GLAMORGANSHIRE cited°WBRlDGE ^ACES-—Much speculation is ex- p0oj as ,0 the result ofa match between the celebrated tie _l-ady Somerset, and Mushroom, the proper- to a Charles Smith, Esq. and T. Bassett, Esq. Bets t a considerable amount are pending, and the match Is to Come oft'next week, at the same time as the other ces. All the stables in the neighbourhood are en a°d nothing is wanted now but fine weather, 1'Bhtfu? ensu'"o week's amusements perfectly de- ^'CULTURAL MEETING.—At an Agricultural _in e lnS held at the Bear lun, on Tuesday, the follow- tunilk were awarded for the best Swede Rob'^9' ,0 Skirme; for the best Norfolk, Mr. j v?r* Alexantfsu;^ for the best Mangel-wurzel, Sir of for the second best, Mr. Robert Thomas, 'A"; the decision; gave universal satisfaction. C0(IRT OF EXCHEQUER,—LONDON, NOV. 6 E. ON THE DEMISE OF LEWIS, V. EARL CAWDOR. TL. 7 8W S Was an ac'i°n brought at the late Glamorgan- VeriT ass'Zes before Mr. Justice Bosanquet, when a XhCt for the plaintiff. Ca e Solicitor General now moved for a rule to show W-^ ver(lict should not be set aside, and a Tu *r'a'. £ ra"ted, or else a nonsuit entered. jlt(> e action was brought for the purpose of recover- s possession of a furnace and house situated in the hadnt.y Carmarthen, which the late Earl of Cawdor Pro uPoa a piece of wuste land adjoining his ^nA>Cri^' an<^ which lordship he was the superior, 38 8uch was the case fie had built the house and uacoon his own property. Mi*. Lewis, the father tj}e P'a>ntiff, at this period >yas a solicitor, and also a<jv.a?ent of the nobld Earl, and it was through his ^asRnn'?^at the Gilding todk place. The expeuse the h a"^ whole °f lhe money passed through ands of Mr. Lewis, during that gentleman's life 5 Earl Utlt" •t'le had disagreed with the noble ft.n. n°thing like a pretence was made that the de- tjff ?n.t not possess the fee. Since then the plain- of ha-ed the ownership of the fee by the service per.19 *ather, who he said had purchased the pro- part^ a with Penrose farm, which also formed a q half ProP€rty 'n dispute. The farm stood upon per a SCre °' 'an<*» a,lt* which was only worth 2s. (id. however, said the land on an(j t. furnace was raised formed part of the farm, of a 'he noble Earl paid a rent for it in the shape The evidence adduced was that Penrose ha(j. formerly possessed a sheepfold that an award ,eea made for an inclosure act for the lordship, in the ». 'e commis ioners had not included that part of ^abit aSte' *n the defence i' wa9 shown that the in- di(j „ants °f the neighbouring town had a right, and coDse°tually pasture their cattle on the farm with the e°m °f the tenant, and that nothing was more the °D **or sma" stripes of land to be neglected by 'lie j^jj^oners. Still it did not take the fee from ^yndhurst—That is for the jury. c°0& General trusted their lordships would \*ise "le learned judge who tried the case, other- pa^ 11 would be useless for him to take a rule on that °f the case. It was not very tender to the 11 ory of Mr. Lewis to suppose he had advised the Ollie earl to I Ifay out 8001. oil land belonging to him- «jec't an(* which he could recover by an action for the following day after the building was Th otj,ere Court granted a rulenftt for a nonsuit, and the •hall i^art 8,ant's over until Mr. Justice Bosanquet nave been consulted.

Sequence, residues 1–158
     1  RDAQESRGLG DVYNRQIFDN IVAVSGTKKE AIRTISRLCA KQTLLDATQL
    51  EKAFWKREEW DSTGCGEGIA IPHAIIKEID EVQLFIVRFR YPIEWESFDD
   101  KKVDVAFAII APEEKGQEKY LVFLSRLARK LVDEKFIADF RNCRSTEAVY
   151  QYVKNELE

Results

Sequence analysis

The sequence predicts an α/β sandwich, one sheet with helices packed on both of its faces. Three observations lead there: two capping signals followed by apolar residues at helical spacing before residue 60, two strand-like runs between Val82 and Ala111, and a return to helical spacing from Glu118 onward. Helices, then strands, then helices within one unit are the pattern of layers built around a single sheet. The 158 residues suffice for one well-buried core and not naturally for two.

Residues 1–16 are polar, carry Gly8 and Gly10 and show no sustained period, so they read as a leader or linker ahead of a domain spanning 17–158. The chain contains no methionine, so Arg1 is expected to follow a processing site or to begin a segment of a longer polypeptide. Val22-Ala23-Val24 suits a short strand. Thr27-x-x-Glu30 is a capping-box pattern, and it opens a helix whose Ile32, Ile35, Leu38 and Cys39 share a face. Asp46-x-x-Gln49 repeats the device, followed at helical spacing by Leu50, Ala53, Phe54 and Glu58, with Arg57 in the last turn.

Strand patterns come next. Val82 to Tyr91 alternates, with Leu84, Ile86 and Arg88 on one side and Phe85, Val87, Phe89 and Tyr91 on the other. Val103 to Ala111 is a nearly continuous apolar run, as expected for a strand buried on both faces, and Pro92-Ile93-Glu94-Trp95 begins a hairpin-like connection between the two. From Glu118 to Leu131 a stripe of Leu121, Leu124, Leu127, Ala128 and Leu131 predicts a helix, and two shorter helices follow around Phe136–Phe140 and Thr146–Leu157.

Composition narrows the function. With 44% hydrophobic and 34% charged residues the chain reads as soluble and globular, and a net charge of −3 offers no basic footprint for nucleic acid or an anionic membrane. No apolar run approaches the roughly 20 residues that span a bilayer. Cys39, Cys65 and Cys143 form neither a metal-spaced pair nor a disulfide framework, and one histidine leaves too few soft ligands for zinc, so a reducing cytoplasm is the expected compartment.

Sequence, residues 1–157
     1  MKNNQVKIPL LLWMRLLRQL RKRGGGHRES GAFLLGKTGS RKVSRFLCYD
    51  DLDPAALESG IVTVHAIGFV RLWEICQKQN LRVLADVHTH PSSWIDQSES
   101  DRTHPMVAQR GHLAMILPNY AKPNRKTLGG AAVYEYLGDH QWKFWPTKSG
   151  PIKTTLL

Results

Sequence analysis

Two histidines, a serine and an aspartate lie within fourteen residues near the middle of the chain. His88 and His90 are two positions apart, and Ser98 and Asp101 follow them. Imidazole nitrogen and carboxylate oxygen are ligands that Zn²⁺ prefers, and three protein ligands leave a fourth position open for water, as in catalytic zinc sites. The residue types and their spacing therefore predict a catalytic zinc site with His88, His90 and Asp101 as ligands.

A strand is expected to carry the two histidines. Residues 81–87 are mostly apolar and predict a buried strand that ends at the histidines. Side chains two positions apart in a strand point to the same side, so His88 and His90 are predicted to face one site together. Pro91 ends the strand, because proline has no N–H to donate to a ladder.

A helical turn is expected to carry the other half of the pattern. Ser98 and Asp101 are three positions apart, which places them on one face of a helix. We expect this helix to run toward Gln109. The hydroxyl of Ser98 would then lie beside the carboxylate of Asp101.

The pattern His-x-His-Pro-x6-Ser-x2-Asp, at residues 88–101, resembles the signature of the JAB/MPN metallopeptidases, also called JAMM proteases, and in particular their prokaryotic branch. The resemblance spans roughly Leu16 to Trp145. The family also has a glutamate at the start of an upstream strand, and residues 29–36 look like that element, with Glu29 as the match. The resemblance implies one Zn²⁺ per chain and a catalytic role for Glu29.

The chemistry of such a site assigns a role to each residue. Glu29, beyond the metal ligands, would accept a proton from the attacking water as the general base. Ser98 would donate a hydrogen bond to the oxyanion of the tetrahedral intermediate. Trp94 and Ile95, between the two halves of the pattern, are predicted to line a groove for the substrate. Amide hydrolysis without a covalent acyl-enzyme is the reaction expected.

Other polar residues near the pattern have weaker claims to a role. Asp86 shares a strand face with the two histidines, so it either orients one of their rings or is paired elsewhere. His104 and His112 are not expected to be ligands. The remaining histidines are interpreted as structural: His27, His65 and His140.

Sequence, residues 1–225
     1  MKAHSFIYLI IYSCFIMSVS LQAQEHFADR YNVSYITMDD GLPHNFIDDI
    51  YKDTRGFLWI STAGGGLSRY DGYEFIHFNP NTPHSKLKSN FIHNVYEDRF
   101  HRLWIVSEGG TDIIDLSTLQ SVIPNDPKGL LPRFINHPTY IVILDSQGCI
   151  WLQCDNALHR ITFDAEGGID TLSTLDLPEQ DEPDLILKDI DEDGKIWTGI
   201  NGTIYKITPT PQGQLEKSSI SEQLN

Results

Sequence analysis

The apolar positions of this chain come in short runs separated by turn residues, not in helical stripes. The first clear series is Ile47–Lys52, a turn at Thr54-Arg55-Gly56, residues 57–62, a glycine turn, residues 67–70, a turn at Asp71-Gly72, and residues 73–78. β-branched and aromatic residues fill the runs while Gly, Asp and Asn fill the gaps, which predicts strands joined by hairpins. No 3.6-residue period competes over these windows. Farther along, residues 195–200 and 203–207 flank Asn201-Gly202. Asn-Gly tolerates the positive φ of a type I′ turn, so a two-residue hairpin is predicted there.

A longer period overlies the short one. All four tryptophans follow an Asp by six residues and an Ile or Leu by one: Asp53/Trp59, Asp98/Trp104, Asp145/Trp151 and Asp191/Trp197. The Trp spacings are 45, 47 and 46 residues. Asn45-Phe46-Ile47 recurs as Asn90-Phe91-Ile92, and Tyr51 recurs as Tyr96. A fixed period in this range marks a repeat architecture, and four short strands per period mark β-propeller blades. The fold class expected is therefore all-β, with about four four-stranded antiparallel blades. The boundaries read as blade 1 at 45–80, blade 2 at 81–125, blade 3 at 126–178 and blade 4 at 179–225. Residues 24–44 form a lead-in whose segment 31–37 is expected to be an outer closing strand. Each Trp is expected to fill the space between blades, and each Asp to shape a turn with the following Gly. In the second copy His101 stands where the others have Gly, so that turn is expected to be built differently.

. The a ABERDARE FAIR.